- Exercise assessment – Critical to highlight the feasibility and justification of implementing HIIT into your program performed by a qualified and experienced exercise physiologist or exercise scientist.
- Monitoring each session – This can come from subjective measures including Rate of Perceived Exertion (RPE), Shortness of Breath (SOB) and Pain scales. Other tools can include objective measures such as a heart rate monitor, however it is important to note that due to medications that lower the heart rate response to take pressure off the heart, this measure may be inaccurate.
- Tracking the progress – Regular monitoring of the clients HR, as a drop in HR with an increase in exercise intensity is a sign that the client is suffering a cardiac event.
How Do I Implement HIIT Into My Program?
After your initial appointment with your exercise physiologist or exercise scientist, they will then take you through all the variables and options to consider when performing this type of exercise. There are numerous training variables to consider including:
- Initial protocols: Helgerud et al. (2007) showed that a 15 seconds on/15 seconds off for 10 minutes is feasible with subsequent progressions of 1 minute on/1 minute off (Weston et al., 2014) and 2 minute on/2 minute off (Warburton et al., 2005).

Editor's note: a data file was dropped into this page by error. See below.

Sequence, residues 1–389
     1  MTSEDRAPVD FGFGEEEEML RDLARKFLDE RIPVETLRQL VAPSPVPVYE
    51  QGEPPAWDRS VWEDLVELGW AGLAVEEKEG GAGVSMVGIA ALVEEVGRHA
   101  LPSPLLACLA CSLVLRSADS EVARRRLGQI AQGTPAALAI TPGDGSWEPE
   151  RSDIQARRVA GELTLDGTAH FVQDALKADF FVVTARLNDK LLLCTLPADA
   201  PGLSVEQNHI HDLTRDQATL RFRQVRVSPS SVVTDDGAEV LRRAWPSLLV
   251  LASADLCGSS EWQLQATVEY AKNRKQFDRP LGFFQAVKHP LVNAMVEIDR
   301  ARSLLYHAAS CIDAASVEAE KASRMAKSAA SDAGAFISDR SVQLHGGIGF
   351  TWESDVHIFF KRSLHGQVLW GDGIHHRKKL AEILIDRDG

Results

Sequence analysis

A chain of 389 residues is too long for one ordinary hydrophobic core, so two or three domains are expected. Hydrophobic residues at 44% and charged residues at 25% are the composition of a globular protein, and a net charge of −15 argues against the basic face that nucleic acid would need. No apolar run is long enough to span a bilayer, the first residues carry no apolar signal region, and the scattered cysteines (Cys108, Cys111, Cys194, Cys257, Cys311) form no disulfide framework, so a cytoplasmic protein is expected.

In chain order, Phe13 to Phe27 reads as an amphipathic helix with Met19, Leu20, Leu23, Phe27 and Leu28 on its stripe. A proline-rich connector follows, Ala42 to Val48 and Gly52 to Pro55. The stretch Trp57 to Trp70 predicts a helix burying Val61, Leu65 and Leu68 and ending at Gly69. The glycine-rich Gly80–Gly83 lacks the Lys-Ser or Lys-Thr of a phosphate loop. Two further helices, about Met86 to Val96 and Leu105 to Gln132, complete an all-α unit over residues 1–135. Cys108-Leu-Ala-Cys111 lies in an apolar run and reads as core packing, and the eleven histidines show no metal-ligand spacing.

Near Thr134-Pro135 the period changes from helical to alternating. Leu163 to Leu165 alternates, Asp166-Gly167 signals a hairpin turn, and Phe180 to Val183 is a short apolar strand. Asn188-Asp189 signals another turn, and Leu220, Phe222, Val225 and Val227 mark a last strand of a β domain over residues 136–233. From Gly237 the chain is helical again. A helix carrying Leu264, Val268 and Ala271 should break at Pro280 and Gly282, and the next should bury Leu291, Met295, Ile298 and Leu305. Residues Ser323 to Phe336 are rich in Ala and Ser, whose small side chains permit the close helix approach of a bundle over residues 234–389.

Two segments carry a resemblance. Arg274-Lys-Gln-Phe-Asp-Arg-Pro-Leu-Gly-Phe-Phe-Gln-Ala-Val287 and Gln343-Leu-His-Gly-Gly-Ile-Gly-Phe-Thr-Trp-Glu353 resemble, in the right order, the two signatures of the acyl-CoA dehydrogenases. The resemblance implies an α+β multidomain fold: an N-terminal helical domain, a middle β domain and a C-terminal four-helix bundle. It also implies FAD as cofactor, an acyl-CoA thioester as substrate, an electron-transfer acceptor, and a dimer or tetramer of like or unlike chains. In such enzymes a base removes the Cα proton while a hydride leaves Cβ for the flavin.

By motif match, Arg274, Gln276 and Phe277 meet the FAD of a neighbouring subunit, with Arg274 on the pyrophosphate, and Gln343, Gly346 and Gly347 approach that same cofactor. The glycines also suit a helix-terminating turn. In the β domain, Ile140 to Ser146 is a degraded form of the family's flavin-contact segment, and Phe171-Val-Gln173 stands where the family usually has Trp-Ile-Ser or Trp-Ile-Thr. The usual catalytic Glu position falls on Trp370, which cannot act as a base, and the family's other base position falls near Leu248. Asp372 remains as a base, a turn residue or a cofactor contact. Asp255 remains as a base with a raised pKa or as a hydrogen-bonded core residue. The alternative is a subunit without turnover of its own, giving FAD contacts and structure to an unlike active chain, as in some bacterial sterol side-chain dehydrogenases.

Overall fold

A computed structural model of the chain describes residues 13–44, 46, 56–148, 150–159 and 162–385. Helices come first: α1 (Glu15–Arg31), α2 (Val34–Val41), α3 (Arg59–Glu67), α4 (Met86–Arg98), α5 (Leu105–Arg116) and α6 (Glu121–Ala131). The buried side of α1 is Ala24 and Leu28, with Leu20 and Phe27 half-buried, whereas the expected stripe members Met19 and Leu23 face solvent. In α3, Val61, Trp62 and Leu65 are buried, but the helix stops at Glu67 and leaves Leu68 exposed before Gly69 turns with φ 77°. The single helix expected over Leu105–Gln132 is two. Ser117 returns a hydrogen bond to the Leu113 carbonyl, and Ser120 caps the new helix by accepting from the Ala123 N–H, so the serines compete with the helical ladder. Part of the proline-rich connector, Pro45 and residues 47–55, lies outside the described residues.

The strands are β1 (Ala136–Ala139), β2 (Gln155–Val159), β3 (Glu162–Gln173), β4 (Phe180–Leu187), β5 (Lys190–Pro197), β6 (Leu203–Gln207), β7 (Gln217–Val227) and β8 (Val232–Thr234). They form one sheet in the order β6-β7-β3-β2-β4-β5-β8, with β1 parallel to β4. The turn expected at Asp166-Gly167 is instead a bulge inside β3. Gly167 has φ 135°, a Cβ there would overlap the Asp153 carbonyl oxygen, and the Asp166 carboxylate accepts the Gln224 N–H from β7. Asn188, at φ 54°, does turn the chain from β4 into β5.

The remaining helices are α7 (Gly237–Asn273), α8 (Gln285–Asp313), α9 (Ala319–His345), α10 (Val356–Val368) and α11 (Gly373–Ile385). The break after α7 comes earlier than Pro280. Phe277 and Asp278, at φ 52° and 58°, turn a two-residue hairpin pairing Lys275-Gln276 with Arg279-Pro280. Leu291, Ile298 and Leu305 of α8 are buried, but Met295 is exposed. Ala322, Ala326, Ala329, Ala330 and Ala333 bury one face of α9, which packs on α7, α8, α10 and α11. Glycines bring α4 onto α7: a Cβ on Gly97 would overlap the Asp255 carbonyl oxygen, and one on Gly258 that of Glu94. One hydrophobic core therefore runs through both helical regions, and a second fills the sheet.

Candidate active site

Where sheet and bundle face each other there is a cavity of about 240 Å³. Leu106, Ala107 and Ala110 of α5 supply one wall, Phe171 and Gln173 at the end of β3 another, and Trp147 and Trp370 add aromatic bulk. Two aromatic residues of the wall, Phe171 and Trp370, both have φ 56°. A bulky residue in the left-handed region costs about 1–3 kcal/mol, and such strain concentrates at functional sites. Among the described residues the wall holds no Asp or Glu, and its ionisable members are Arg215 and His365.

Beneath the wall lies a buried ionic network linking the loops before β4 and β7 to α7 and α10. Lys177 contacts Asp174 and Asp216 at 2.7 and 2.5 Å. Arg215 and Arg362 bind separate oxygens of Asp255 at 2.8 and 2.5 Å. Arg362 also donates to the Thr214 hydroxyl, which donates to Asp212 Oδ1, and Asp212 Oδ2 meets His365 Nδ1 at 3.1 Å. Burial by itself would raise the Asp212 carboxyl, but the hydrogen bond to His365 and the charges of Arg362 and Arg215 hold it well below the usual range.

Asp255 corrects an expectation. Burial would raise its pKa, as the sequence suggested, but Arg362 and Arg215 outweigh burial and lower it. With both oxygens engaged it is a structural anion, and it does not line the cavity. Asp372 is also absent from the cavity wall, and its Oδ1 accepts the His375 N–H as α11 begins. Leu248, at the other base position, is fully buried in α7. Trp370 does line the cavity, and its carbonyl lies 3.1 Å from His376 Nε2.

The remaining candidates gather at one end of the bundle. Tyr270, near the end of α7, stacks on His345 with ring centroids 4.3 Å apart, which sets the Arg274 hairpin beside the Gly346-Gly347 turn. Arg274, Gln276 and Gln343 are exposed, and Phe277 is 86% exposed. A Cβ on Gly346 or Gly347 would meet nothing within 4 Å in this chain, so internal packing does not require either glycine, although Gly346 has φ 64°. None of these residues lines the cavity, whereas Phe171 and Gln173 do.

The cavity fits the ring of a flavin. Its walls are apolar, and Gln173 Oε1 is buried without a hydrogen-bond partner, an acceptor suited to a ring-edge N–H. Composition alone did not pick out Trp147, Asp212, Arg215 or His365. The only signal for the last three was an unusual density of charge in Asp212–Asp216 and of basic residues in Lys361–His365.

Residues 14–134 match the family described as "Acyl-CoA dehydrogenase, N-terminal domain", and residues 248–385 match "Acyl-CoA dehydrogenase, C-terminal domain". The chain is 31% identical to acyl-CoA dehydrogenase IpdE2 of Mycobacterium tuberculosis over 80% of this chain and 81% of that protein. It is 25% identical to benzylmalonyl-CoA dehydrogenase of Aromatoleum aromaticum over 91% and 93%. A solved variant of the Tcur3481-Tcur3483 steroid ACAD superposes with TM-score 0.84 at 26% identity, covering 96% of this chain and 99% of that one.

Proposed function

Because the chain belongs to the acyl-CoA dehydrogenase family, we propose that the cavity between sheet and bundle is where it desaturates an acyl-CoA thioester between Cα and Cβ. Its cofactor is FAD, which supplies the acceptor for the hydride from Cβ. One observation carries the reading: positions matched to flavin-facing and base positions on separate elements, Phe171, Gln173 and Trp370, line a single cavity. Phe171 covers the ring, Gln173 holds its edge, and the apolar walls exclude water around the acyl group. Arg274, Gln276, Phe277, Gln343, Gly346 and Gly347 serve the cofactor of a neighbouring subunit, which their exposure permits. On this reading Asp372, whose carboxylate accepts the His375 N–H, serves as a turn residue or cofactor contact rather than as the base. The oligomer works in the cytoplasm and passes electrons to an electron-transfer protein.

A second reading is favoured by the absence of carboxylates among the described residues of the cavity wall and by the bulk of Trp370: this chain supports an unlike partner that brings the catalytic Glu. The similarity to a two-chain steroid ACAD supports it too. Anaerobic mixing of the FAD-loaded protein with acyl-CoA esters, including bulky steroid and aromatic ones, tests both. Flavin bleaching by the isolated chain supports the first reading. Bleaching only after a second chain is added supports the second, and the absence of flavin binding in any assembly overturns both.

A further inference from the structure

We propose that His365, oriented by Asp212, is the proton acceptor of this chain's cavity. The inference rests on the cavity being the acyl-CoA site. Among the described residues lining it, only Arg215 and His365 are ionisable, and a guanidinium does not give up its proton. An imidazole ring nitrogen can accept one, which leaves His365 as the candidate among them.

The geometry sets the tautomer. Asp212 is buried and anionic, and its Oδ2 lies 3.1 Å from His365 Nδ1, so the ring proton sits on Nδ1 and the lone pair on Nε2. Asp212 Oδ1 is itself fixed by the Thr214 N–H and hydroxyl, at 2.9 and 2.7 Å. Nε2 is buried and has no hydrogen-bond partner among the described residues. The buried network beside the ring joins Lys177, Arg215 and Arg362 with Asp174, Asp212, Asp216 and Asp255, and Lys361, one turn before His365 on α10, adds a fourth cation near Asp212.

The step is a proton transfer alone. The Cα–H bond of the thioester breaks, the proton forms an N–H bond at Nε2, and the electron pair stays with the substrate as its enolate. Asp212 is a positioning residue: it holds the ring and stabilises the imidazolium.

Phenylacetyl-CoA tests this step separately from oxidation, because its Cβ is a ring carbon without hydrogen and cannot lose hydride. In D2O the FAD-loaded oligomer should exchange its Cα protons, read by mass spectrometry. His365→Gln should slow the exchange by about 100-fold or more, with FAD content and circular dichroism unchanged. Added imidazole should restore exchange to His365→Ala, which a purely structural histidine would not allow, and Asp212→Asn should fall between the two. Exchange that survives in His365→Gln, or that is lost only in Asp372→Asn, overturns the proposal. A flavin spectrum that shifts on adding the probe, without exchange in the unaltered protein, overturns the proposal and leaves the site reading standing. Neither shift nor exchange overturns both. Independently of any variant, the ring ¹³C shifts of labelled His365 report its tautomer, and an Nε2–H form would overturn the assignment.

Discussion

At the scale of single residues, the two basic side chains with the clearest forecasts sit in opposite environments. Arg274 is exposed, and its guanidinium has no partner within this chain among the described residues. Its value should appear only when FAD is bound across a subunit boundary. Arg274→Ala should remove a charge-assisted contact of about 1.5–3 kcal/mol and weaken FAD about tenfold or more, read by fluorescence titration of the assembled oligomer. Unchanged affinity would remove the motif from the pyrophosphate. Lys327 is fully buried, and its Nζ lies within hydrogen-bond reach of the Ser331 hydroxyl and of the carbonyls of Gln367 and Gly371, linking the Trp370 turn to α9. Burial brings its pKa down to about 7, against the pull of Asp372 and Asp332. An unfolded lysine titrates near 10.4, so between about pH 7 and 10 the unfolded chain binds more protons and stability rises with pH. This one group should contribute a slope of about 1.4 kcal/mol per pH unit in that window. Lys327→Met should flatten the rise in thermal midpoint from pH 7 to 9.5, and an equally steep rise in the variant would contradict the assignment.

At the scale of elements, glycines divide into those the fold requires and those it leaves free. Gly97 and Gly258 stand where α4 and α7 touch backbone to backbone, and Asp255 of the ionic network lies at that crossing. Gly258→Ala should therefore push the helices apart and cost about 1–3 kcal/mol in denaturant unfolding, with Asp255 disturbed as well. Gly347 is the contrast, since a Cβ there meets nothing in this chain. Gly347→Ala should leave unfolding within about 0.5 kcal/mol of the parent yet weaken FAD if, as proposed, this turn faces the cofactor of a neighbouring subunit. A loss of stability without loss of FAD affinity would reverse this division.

- Duration of the interval: This should be the first point of progression (Heyward & Gibson, 2014) to increase the hearts ability to tolerate stress during a single bout.
- Increases in intensities: This can occur if the newly found duration is being tolerated as Moholdt et al. (2014) noticed greater changes in VO2max when HIIT was performed at 95%.
- Volume: Time spent per session and number of sessions can influence volume accrued at high intensity an initial total volume of 1 x 20 minute session per week (Currie et al. 2013), then gradually building up to a total volume of 60 minutes (Warburton et al. 2005) in 3 sessions are safe methods of progression.
The implementation of HIIT in CAD rehabilitation has been shown to be a safe form of programming with numerous benefits. This review highlights the importance of adequate pre-screening before any exercise regime to ensure that any exercise, particularly HIIT, can be performed safely. If you or someone you know is dealing with CAD, make sure you come on in to Absolute Health & Performance to ensure safe and effective exercise prescription for your long term health.